Fulfilling the Great Commission by 2033?

January 20, 2023 by  
Filed under Featured, Missions, News

Dr. Billy Wilson and Dr. Rick Warren hold ‘2033 Leaders Consultation’

NEW YORK — More than two dozen ministry leaders of significant global networks convened Dec. 5-6 in New York City to combine their experience and insights toward the goal of Great Commission fulfillment within the next decade.

Hosted by Dr. Billy Wilson, Oral Roberts University President, Pentecostal World Fellowship Chair and Empowered21 Global Chair, and Dr. Rick Warren, Executive Director of Finishing the Task and Founding Pastor of Saddleback Church, the event brought the leaders representing significant denominations, para-church networks and evangelistic ministries from around the world together for prayer, connection and collaboration.

“I believe we are entering the most important decade of Great Commission effort in the history of the church,” shared Dr. Wilson. “Numerous 2033 initiatives were represented in this consultation and it was a joy to witness our shared passion and unity across the diversity of the body of Christ. The next decade is going to be amazing as we push together toward providing everyone on planet earth the opportunity to know Jesus as their savior.”

The two-day meeting ended with the development of a commitment document agreeing to significant efforts over the next decade, including collaborating with one another, praying for the salvation of others, mobilizing followers of Jesus to join in the efforts, investing increased resources for evangelism and going with the good news to the ends of the earth.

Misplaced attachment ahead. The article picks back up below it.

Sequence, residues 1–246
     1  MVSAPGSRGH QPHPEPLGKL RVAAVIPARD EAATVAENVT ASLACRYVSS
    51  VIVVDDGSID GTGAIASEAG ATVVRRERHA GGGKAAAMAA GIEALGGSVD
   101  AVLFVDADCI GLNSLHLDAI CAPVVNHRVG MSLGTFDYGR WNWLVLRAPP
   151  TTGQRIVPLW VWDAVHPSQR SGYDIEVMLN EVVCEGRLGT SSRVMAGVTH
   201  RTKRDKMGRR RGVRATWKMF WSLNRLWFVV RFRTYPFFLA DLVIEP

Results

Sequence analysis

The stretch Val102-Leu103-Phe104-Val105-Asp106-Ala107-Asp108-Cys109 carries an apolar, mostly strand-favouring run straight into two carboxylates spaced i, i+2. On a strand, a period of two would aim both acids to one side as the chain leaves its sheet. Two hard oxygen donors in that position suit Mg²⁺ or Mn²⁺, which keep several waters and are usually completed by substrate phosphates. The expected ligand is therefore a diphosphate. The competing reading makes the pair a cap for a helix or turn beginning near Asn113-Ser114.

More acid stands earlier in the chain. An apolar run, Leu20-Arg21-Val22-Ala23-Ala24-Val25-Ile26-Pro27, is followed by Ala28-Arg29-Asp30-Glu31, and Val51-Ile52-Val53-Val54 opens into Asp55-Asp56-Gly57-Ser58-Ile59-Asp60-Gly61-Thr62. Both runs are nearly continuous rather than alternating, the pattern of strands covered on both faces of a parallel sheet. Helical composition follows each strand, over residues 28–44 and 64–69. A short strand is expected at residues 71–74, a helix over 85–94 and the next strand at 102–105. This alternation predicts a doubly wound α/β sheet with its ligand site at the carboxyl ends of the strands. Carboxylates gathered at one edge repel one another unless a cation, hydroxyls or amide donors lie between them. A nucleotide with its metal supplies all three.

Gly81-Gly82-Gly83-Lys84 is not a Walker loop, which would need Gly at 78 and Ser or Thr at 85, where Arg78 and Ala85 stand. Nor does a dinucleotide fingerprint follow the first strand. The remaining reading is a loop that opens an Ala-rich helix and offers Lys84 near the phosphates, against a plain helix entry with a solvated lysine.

“In our polarized world, it’s easy to erect walls and go it alone with just your own tribe,” noted Warren. “It takes courage to build bridges to others who love Jesus but don’t believe or practice the faith in the same way you do. On Dec. 5, as I listened and watched a small group of 24 influential Christian leaders, representing a wide spectrum of the Body of Christ, step out of their comfort zones in order to begin collaborating to complete the Great Commission, I sensed that God was smiling from Heaven. He had found a group of people willing to be an answer to Jesus’ prayer for the unity of His church that He prayed in the Garden of Gethsemane the night before He was crucified.”

The group plans to convene again at , a three-day conference and one-day stadium event hosted by Empowered21 on June 21-24, 2023 at Amsterdam RAI & Olympic Stadium. The international event will feature influential leaders and powerful speakers to launch a decade of unprecedented evangelism to get the gospel to every person on earth by 2033. For more information, visit amsterdam2023.com.

Represented Organizations

The following organizations and ministries were represented at the Dec. 5-6 event:

  • Brian Alarid, America Prays & World Prays
  • Doug Beacham, International Pentecostal Holiness Church
  • Keith Boyette, Global Methodist Church
  • Henry Cappello, Global 2033
  • Samuel Chiang, World Evangelical Alliance
  • Doug Clay, Assemblies of God
  • Dick Eastman, Every Home for Christ
  • Oliver Fleury, Jesus Celebration 2033
  • Mart Green, Hobby Lobby
  • Bobby Gruenewald, YouVersion
  • Tim Harlow, National Association of Christian Churches
  • Alan Hawkins, Anglican Church in North America
  • Rob Hoskins, OneHope
  • James Hwang, Billion Soul Harvest
  • Young Cho, Billion Soul Harvest
  • Everton Jackson, Baptist World Alliance
  • Werner Nachtigal, GO Movement
  • Michael Oh, Lausanne Movement
  • Nick Perryman, Alpha
  • Thomas Schirrmacher, World Evangelical Alliance
  • Rick Warren, Finishing the Task
  • David Wells, Pentecostal Assemblies of Canada
  • Michael White, Rebuilt Parish / Church of the Nativity
  • Billy Wilson, ORU and Empowered21
  • Caleb Wehrli, Empowered21
  • Ashley Wilson, Empowered21

Participating Leader Quotes